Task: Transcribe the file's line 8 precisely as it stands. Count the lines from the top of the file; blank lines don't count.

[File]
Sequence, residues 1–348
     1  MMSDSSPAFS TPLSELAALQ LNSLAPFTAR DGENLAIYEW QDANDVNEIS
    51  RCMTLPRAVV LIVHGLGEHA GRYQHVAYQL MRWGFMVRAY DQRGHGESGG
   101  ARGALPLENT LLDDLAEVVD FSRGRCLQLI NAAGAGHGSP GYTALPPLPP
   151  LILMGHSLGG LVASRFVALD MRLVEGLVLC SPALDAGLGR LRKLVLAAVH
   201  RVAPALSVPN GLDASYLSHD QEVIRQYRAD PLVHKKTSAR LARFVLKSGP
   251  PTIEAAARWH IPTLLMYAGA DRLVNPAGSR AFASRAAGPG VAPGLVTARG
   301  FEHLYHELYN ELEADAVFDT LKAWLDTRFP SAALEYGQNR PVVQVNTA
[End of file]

   301  FEHLYHELYN ELEADAVFDT LKAWLDTRFP SAALEYGQNR PVVQVNTA